fair ones, would they acquire colours I believe I shall set my heart upon her; that would stand killing, they must no and think never the worse of my mistress longer paint but drink for a complexion; for an epigram a smart fellow writ, as a maxim that in this our age has been he thought, against her ; it does but the pursued with no ill success; and has more recommend her to me. At the been as admirable in it's effects, as the fame time I cannot but discover that his famous cosmetic mentioned in the Postmalice is stolen from Martial.

man, and invented by the renowned

British Hippocrates of the pestle and Taxa places, audita places, si non videare Tota places, neutro, ji videare, places.

mortar ; making the party, after a due

course, rosy, hale, and airy; and the Whiit in the dark on thy soft hand I hung, best and most approved receipt now ex. And heard the tempting Siren in thy tongue,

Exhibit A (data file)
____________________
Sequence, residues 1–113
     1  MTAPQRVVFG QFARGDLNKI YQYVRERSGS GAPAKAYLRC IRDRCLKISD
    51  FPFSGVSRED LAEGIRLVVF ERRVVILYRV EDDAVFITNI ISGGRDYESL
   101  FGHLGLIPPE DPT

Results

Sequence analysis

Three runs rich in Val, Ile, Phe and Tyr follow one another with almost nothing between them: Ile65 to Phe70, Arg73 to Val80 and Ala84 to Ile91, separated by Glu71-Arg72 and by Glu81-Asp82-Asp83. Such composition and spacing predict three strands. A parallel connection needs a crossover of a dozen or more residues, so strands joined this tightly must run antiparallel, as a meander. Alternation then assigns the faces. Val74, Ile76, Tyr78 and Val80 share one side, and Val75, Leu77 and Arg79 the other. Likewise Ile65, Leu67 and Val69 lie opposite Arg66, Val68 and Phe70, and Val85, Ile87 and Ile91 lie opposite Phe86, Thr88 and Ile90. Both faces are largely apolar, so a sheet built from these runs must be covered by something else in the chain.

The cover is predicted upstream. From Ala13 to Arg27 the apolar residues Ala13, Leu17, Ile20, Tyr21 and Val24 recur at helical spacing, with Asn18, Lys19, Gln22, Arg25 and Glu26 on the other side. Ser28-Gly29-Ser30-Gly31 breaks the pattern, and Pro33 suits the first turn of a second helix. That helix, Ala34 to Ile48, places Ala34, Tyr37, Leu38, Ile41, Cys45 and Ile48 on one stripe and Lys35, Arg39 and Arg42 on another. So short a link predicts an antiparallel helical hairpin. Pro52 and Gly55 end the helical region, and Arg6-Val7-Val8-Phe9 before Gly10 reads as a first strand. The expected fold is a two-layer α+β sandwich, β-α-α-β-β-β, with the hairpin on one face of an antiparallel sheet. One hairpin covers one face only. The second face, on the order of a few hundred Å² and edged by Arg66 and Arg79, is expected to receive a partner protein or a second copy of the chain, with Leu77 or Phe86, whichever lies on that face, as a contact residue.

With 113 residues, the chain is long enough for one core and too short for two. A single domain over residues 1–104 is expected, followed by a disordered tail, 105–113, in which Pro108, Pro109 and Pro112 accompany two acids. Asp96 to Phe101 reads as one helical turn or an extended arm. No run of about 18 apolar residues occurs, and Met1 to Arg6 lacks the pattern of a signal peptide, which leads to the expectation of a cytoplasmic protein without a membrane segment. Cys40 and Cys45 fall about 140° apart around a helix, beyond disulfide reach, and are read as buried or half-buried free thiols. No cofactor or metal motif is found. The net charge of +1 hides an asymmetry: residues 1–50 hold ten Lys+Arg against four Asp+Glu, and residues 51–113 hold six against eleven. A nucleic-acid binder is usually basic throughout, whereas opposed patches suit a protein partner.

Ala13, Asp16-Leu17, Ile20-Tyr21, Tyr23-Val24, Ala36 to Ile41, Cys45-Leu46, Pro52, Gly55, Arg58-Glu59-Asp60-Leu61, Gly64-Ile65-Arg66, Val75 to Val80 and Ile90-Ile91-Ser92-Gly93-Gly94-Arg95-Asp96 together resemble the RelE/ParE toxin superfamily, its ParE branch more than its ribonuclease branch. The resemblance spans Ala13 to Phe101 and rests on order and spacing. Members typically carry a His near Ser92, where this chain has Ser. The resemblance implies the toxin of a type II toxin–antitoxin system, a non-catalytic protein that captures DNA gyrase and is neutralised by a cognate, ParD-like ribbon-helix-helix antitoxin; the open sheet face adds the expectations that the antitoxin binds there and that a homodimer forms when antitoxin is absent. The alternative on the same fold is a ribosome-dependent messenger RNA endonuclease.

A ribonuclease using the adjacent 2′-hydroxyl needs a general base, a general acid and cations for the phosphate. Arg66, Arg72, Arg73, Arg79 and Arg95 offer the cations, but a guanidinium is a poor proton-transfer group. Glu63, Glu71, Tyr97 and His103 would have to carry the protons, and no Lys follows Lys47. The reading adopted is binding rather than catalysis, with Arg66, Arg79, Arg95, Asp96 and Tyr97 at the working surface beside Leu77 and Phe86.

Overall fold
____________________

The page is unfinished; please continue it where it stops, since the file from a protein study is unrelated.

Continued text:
tant for the fever of the spirits. But to What flames, what darts, what anguilh, I return to our female candidate, who, 1 endur'd!

understand, is returned to herself, and But when the candle enter'd I was cur’d. will no longer hang out false colours;

as she is the first of her sex that has done YOUR letter to us we have received, us so great an honour, she will certainly,

as a signal mark of your favour and in a very short time, both in profe and brotherly affection. We shall be heartily verse, be a lady of the most celebrated glad to see your short face in Oxford; deformity now living; and meet with and since the wisdom of our legislature adınirers here as frightful as herself. has been immortalized in your specula- But being a long- headed gentlewoman, tions, and our personal deformities in I am apt to imagine the has some further fome sort by you recorded to all po- design than you have yet penetrated; fterity; we hold ourfelves in gratitude and perhaps has more mind to the Spec. bound to receive, with the highest re tator than any of his fraternity, fpect, all such persons as for their extra. person of all the world the could like for ordinary merit you thall think fit, from a paramour: and if so, really I cannot time to time, to recommend unto the but applaud her choice; and Mould be board. As for the Pictish damfel, we glad if it might lie in my power, ** have an easy-chair prepared at the upper effect an amicable accommodation be

as the

twixt